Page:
The exact range conversion that BioModelAnalyzer applies is as follows. If a constant with range [n,n] appears in the target function of a variable with a different range, then no range conversion is applied. If a variable X with range [a,b] appears in the target function of a variable Y with range [c,d], then whenever X appears in the target function of Y it will be modified to (X-a)*(d-c)/(b-a)+c.

If you want to create a model with different ranges that bypasses this automatic range conversion there is a simple solution. You have to define the ranges of all variables to be the same and use the target functions to practically restrict the range to what you want. In the example above, change the range of X to [0,2] and it's target function to be min(1,old_target_function). In general, if the maximal range in the model is [a,b] and you want a range of [c,d], where a<=c<=d<=b you will have to change to use the range [a,b] and the target function min(d,max(c,old_target_function)).

[+] How do I save my work to the model library?
The simple saving that we recommend you do frequently while you work is done by clicking the save icon, second from the top left. To name and save a model more precisely during, or at the end of a model sketch, click the model library icon at the top left. You will see that the model you have started working on is temporarily saved as ‘Default Model’. To change that, simply click this text in the model library (highlighting it) and rewrite the file name of your choice. (To save your work further, see the next question about exporting and importing XML files.)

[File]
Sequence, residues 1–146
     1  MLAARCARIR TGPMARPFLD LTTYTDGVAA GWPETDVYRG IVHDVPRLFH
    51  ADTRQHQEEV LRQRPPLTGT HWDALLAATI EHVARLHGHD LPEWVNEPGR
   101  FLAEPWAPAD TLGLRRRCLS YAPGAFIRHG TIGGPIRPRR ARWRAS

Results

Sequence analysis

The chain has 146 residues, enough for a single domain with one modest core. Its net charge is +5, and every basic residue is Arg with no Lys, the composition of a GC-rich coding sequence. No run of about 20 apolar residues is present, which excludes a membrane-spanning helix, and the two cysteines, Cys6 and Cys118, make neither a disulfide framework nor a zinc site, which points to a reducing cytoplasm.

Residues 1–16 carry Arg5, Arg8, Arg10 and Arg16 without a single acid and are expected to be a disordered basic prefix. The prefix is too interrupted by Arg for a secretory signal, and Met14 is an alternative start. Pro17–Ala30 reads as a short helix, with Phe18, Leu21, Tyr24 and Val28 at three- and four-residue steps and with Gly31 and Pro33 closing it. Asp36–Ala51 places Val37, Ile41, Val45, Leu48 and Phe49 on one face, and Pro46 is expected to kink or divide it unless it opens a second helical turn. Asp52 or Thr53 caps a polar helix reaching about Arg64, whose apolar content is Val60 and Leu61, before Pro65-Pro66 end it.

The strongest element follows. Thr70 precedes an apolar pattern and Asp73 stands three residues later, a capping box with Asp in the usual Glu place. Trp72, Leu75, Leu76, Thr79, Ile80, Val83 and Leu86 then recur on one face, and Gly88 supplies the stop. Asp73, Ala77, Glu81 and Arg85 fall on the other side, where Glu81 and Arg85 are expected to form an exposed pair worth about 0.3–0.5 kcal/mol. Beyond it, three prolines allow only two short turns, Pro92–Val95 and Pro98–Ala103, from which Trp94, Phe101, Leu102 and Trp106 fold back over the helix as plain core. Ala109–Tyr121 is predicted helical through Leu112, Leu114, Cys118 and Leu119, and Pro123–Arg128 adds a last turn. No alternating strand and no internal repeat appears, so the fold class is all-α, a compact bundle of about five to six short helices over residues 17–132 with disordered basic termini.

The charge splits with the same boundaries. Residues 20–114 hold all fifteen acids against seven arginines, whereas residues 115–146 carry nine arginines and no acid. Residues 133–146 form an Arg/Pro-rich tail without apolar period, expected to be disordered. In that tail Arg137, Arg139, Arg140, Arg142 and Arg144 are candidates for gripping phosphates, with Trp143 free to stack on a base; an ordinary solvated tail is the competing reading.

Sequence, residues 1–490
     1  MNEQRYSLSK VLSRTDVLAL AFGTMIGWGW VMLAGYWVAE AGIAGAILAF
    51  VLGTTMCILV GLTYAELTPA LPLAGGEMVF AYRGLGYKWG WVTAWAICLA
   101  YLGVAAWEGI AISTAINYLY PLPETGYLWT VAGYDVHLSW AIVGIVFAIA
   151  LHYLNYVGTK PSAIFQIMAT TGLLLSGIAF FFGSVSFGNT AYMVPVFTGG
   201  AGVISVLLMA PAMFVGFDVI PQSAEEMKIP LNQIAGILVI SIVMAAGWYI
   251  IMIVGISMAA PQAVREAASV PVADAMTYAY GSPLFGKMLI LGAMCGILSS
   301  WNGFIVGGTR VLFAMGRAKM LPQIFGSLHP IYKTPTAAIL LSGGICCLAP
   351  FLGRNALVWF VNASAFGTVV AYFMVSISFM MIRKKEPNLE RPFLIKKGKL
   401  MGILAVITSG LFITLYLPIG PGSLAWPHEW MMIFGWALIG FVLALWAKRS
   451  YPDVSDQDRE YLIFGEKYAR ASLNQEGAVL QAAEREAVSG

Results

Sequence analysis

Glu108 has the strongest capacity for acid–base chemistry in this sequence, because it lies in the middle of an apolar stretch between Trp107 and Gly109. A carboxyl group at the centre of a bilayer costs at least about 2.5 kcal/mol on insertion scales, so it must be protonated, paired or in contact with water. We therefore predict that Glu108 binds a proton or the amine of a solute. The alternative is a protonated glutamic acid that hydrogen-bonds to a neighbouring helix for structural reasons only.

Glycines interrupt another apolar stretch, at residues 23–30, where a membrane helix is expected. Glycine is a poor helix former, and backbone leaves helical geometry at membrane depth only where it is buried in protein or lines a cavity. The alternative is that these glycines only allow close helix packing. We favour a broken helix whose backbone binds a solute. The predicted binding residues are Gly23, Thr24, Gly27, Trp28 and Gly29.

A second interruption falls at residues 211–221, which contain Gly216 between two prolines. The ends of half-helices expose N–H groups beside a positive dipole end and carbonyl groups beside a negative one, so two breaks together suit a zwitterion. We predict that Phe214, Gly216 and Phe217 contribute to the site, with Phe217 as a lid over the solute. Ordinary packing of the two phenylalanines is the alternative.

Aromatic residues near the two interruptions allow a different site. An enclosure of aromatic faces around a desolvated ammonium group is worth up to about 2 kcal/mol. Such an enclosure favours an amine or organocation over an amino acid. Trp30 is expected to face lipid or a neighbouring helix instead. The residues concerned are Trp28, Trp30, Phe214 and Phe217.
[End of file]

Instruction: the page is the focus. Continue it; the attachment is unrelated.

[+] How do I export and import XML files?
In the model library, there are icons to export and import XML files. This is the best way to save and share models with your colleagues in a secure folder of your choice. Both export and import work like a typical ‘save as’ or ‘open’ function.

[+] How do I move between models in my library?
Once you have developed a comprehensive model library, you can skip between models by clicking them (to highlight), then using the open button.

[+] Bio Model Analyzer freezes while I’m working;

how do I stop this?
Key F5 to refresh the page. Don’t forget to frequently save your work. Please report any bugs via our feedback page.

[+] Is this just a nice drawing tool?